More money working for a supermarket: Council study into ECEC
The Sector > Economics > Affordability & Accessibility > More money working in a supermarket – $64,000 ECEC study into availability in Narrabri

More money working in a supermarket – $64,000 ECEC study into availability in Narrabri

by Freya Lucas

March 22, 2023
A small child in a pink shirt is shown with paint on their fingers, adding paint to paper.

A $64,000 study commissioned by the Narrabri Shire Council in regional New South Wales has left councillors confused, identifying that current and projected demand for early childhood education and care (ECEC) in the town would not be sufficient to justify the development and construction of a dedicated service while there is “without doubt” a need for more care. 


Carried out by KU Children’s Services, the report was presented in the February Council business paper, also noting that the community “strongly expressed” the need for additional ECEC services during community consultation.  


Council obtained a grant for $64,510 from the NSW Government to conduct the study, which was discussed in an ordinary Council meeting during which council members were asked to endorse a study about the issue. 


The Council considered the study particularly important given the shire is expected to experience economic growth, increased employment, as well as an increased population over the next five to ten years’.


Three components were identified in the study. The first was a childcare (sic.) needs analysis, to identify current and future demand for ECEC in Narrabri Shire. 


The second component covers various options which the Council has available to support families with their ECEC needs and challenges, while the third component was a service modelling and feasibility assessment for a long day care centre, to provide advice should a centre be established in Narrabri Shire by council or by an external organisation.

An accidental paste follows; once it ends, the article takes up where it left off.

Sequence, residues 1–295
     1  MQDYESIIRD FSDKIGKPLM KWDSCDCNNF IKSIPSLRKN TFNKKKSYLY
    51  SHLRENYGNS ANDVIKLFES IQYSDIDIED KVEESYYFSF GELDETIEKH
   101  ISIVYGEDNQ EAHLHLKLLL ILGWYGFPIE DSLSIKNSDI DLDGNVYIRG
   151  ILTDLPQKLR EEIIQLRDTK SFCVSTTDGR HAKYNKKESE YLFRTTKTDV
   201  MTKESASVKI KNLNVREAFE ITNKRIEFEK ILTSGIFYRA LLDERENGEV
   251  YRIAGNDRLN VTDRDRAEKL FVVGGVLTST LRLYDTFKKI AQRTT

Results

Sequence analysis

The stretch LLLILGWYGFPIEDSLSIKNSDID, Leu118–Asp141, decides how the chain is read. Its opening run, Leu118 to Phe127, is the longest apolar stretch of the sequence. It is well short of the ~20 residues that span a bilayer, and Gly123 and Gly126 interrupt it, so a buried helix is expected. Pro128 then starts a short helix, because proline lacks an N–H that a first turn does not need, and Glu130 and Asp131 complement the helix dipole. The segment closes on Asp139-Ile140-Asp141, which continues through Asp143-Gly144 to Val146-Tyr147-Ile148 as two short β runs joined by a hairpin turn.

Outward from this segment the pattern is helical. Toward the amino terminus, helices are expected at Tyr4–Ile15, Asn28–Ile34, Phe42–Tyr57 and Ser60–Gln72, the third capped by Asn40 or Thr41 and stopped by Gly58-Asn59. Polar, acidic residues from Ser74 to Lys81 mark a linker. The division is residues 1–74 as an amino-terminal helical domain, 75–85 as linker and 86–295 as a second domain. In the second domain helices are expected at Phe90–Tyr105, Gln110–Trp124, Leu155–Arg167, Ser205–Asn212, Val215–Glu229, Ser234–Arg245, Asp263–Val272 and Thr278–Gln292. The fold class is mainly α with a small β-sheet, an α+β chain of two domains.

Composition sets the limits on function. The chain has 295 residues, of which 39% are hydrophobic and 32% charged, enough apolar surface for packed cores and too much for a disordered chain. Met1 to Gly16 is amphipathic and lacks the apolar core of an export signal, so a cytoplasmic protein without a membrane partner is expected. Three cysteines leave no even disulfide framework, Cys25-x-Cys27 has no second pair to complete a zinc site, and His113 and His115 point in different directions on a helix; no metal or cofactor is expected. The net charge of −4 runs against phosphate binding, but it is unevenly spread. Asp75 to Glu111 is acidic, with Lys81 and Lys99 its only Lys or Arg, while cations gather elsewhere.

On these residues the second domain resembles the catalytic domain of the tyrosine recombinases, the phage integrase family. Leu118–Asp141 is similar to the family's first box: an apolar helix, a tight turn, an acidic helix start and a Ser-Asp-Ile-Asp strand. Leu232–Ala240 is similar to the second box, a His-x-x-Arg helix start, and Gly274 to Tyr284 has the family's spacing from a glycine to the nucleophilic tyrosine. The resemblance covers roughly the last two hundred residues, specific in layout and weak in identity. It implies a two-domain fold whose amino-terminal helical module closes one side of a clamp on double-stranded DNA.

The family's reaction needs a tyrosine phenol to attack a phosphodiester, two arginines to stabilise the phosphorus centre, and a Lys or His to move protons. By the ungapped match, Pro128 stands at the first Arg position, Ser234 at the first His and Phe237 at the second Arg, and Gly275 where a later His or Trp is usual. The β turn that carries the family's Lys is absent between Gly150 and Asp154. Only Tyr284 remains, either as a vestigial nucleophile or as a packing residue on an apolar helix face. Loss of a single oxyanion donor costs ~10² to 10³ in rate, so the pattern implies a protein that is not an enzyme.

“The study acknowledges that a purpose-built childcare centre in the township of Narrabri will not address all the issues raised and would not be accessible to all families who live and work outside the township,” the report states.


In terms of options to alleviate the pressure experienced by families in and around Narrabri, the following options were put forward:


  • Expand and make more accessible existing long day care services
  • Expand family day care
  • Build on the quality of current services in Narrabri Shire.


Rather than endorsing the Child Care Needs Analysis, Child Care Options, Service Modelling and Feasibility Reports, the councillors voted to “note” the recommendations. 


“I certainly wasn’t happy with endorsing this report but noting it I am happy with,” Cr Cathy Redding said, while Cr Lisa Richardson described the report as “conflicting”.


“They say we need spots but then say there is no need for a facility,” she said, “so I’m torn on what their outcome is.”


Mayor Ron Campbell said the study pointed to staff shortages being a problem, and therefore building more ECEC facilities wasn’t necessarily the solution.


“There’s enough places, they just don’t have the staff to fulfill the places,” he explained, outlining the Council’s dilemma – “do you build another facility knowing there are placements elsewhere, but you can’t fill the staff”.


At one point, during the discussion about how to solve access issues, Cr Campbell said there was a “disaster” in ECEC. 


“We have major issues in childcare, as does everyone else,” he said. “What can we do to make it work?”


A range of different solutions were put forward, including the need to work with current ECEC providers in the region to find a way to recruit more educators, a specifically targeted recruitment drive focused on the sector, and Council sponsored traineeships. 


Not being able to access ECEC has had an ongoing impact on the community, with the local hospital missing out on employing a doctor because no ECEC options were available. 


Councillors identified that ECEC was a profession that was suffering because of the low rates of salary and remuneration. Council’s Director of Planning and Sustainability Donna Ausling said that while a number of services had development approval, such as a 48-place centre in Narrabri and an 80-place service in nearby Wee Waa, with a 60-place Wee Waa service pending approval. 


“Just for some context to help with decision making,” she continued, “people can be earning more money at Coles or Woolworths,” alluding that this may be a contributing factor for locals considering their employment options.


To access recorded meeting minutes please see here. Local coverage of the story, as reported by the Narrabri Courier may be found here

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